CHELSEA, MASSACHUSETTS, a city of Suffolk county, Massachusetts, U.S.A., a suburb of Boston. Pop. (1890) 27,909; (1900) 34,072, of whom 11,203 were foreign-born; (1910) 32,452. It is situated on a peninsula between the Mystic and Chelsea rivers, and Charlestown and East Boston, and is connected with East Boston and Charlestown by bridges. It is served by the Boston & Maine and (for freight) by the Boston & Albany railways. The United States maintains here naval and marine hospitals, and the state a soldiers' home. Chelsea's interests are primarily industrial. The value of the city's factory products in 1905 was $13,879,159, the principal items being rubber and elastic goods ($3,635,211) and boots and shoes ($2,044,250.) The manufacture of stoves, and of mucilage and paste are important industries. Flexible tubing for electric wires (first made at Chelsea 1889) and art tiles are important products. The first settlement was established in 1624 by Samuel Maverick (c. 1602-c. 1670), the first settler (about 1629) of Noddle's Island (or East Boston), and one of the first slave-holders in Massachusetts; a loyalist and Churchman, in 1664 he was appointed with three others by Charles II. on an important commission sent to Massachusetts and the other New England colonies (see Nicolls, Richard), and spent the last years of his life in New York. Until 1739, under the name of Winnisimmet, Chelsea formed a part of Boston, but in that year it was made a township; it became a city in 1857. In May 1775 a British schooner in the Mystic defended by a force of marines was taken by colonial militia under General John Stark and Israel Putnam, - one of the first conflicts of the War of Independence. A terrible fire swept the central part of the city on the 12th of April 1908.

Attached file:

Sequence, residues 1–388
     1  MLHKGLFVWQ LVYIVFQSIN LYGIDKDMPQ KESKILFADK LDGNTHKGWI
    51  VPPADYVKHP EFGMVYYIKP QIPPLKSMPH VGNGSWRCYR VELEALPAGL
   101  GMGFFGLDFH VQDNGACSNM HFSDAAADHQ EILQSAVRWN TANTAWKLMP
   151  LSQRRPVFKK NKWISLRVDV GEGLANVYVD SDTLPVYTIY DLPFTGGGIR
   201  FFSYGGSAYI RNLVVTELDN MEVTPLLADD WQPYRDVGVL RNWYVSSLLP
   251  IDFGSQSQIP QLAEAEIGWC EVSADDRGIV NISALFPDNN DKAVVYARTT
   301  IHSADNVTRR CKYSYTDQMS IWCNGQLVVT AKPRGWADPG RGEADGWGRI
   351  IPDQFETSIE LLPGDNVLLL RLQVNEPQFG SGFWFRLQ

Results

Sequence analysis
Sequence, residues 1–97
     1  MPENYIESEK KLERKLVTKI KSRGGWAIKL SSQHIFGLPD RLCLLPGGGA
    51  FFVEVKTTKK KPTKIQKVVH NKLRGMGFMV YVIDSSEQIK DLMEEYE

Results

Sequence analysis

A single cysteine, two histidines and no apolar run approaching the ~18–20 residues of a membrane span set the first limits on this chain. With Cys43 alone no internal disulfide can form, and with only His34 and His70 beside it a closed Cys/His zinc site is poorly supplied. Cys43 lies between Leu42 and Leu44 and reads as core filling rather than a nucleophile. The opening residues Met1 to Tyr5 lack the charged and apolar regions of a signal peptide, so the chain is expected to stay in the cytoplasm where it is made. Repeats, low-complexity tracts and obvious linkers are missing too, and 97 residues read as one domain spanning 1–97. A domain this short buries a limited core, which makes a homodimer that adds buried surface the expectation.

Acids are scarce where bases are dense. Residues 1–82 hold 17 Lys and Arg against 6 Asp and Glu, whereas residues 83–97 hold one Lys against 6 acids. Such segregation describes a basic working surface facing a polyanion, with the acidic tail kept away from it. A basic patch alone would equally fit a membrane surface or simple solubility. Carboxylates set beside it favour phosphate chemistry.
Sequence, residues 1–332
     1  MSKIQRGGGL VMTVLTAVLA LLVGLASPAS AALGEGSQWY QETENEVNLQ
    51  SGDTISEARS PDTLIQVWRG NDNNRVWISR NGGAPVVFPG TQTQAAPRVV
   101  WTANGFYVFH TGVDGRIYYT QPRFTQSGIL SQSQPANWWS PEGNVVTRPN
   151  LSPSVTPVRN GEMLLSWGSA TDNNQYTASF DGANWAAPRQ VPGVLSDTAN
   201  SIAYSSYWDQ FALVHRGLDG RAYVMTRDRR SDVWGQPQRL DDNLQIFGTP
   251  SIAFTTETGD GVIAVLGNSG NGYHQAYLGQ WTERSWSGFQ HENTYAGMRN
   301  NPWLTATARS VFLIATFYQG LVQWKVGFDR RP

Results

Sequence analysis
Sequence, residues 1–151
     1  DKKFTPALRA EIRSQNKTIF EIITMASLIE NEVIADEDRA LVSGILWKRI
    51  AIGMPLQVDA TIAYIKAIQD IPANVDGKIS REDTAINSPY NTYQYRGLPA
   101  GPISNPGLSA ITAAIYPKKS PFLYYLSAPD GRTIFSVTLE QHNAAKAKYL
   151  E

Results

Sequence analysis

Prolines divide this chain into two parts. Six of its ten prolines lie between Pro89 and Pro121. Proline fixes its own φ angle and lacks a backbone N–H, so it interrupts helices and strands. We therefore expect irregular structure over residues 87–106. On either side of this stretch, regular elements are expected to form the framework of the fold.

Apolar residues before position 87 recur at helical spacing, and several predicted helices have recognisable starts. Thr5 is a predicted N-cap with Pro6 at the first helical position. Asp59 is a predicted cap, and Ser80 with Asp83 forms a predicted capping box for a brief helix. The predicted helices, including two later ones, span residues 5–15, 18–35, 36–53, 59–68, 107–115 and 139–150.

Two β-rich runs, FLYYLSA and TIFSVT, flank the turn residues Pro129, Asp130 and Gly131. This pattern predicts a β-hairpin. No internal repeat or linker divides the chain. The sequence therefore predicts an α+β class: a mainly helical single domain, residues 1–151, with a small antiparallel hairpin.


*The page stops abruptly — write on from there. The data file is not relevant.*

See Mellen Chamberlain (and others), History of Chelsea (2 vols., Boston, 1908), published by the Massachusetts Historical Society.
Note - this article incorporates content from Encyclopaedia Britannica, Eleventh Edition, (1910-1911)